The field of mindfulness research and programs, in the workplace and elsewhere, has been a matter of considerable ambiguity and contestation. Distinguishing between first-generation and second-generation mindfulness-based initiatives has been a useful and positive response to this uncertainty and controversy. Second-generation mindfulness interventions in leadership are defined as going beyond views of mindfulness as a means to reduce the stress inherent in continual change, and as instrumental support for organizational performance in an economy of attention. The purpose of this paper is to build on this work in two ways. Firstly, it acknowledges the contribution of first-generation psychological-therapeutic programs. Secondly, it highlights the value of extending the range and depth of Buddhist-derived interventions beyond such programs and most importantly, also capturing and exploring the value of critical and collective approaches to mindfulness that derive from other traditions and schools of thought. In order to guide such a progression, this paper presents a Wheel of Mindfulness model that captures the different, and inevitably selective, lenses on mindfulness, and provides a generative framework for exploring and building on sources of controversy and debate.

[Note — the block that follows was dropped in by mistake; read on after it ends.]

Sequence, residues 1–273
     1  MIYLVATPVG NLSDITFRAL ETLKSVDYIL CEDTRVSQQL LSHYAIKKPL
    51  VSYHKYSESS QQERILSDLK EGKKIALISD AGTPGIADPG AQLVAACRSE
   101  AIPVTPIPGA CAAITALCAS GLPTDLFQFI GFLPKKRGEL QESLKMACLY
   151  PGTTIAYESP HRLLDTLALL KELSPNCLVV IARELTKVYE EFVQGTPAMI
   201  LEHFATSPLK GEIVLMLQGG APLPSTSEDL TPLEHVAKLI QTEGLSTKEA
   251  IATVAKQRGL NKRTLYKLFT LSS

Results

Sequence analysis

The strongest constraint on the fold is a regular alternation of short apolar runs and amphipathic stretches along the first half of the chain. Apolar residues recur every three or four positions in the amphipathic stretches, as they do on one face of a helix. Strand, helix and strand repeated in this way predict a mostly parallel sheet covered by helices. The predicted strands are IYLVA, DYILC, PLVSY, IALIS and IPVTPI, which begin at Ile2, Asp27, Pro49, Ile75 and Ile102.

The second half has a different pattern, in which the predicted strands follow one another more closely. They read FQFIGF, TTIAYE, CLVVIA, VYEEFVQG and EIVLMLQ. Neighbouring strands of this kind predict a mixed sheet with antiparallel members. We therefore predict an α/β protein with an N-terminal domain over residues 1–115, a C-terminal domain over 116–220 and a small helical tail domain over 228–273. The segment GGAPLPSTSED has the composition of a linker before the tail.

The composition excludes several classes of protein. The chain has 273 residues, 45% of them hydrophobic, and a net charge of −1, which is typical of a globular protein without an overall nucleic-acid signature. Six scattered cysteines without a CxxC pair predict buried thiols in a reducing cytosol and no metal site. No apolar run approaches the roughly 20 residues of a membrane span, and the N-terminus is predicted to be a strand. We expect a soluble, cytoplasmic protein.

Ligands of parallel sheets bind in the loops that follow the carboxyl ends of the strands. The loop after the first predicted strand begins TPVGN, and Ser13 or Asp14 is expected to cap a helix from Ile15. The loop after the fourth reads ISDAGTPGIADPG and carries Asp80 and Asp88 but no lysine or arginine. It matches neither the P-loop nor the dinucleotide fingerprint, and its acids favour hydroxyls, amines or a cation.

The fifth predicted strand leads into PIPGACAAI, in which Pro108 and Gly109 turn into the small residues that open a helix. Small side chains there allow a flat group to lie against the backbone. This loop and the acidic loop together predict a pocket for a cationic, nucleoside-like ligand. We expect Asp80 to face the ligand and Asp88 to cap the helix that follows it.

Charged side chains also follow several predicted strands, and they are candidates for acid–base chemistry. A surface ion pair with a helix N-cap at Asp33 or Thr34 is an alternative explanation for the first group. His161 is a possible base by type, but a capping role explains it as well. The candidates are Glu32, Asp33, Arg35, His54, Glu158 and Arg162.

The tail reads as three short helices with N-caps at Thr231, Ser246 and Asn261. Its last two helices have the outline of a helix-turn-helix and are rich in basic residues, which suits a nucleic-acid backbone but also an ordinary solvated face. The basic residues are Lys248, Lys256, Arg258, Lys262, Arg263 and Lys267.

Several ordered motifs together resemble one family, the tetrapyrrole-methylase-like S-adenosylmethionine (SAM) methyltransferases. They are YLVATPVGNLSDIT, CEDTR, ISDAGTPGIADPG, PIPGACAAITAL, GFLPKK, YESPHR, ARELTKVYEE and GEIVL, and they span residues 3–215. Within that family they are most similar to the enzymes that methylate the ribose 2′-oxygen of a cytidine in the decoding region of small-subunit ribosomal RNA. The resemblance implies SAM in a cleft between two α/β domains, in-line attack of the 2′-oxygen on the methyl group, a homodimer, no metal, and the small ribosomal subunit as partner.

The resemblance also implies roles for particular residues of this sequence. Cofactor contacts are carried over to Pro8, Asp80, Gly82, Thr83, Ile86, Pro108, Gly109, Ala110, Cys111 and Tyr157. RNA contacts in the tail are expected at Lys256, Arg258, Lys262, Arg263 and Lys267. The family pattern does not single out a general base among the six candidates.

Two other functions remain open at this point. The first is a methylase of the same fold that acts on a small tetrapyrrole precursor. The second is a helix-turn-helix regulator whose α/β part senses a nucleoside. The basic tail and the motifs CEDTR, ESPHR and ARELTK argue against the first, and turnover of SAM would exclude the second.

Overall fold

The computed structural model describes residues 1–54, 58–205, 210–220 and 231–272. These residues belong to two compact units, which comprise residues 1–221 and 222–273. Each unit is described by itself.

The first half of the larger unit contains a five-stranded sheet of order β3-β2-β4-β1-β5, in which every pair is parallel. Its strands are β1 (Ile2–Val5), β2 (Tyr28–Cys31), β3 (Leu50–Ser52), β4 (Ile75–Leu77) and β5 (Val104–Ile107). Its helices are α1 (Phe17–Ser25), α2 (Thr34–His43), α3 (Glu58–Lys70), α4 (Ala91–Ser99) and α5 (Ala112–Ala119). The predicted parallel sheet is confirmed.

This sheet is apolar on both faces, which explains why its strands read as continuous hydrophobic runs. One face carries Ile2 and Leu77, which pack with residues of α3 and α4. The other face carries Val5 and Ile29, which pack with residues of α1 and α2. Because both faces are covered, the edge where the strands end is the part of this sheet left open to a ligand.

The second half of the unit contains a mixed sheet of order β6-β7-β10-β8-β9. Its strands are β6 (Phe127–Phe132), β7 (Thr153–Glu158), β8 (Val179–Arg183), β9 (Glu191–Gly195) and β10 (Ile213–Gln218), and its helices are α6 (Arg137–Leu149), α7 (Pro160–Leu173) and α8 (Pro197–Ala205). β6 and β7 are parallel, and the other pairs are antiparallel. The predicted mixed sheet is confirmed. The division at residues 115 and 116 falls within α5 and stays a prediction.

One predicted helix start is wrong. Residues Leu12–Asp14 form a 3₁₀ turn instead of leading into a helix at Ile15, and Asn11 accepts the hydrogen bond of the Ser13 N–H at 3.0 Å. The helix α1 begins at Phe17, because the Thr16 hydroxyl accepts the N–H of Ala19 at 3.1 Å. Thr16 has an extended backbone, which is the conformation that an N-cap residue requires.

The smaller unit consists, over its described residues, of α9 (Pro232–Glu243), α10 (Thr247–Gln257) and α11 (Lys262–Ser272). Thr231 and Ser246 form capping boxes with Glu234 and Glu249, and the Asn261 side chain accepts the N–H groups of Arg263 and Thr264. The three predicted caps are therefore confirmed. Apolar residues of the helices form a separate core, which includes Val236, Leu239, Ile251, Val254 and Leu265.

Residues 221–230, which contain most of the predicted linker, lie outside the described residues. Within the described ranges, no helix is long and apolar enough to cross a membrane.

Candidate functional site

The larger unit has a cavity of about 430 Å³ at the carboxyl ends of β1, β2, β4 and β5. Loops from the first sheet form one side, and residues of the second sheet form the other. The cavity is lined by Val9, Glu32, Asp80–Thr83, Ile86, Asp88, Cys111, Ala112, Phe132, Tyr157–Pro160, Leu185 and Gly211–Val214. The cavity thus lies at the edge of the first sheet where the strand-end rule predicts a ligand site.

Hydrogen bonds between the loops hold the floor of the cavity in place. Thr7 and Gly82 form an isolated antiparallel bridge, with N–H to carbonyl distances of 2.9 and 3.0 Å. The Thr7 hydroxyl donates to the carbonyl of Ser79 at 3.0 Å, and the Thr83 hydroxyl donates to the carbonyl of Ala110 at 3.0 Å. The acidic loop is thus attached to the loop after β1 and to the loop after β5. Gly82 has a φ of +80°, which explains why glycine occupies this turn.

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King, E., Badham, R. The Wheel of Mindfulness: a Generative Framework for Second-Generation Mindful Leadership. Mindfulness 11, 166–176 (2020). https://doi.org/10.1007/s12671-018-0890-7
- Leadership development
- Mindful leadership
- Attention economy
- Second-generation MBIs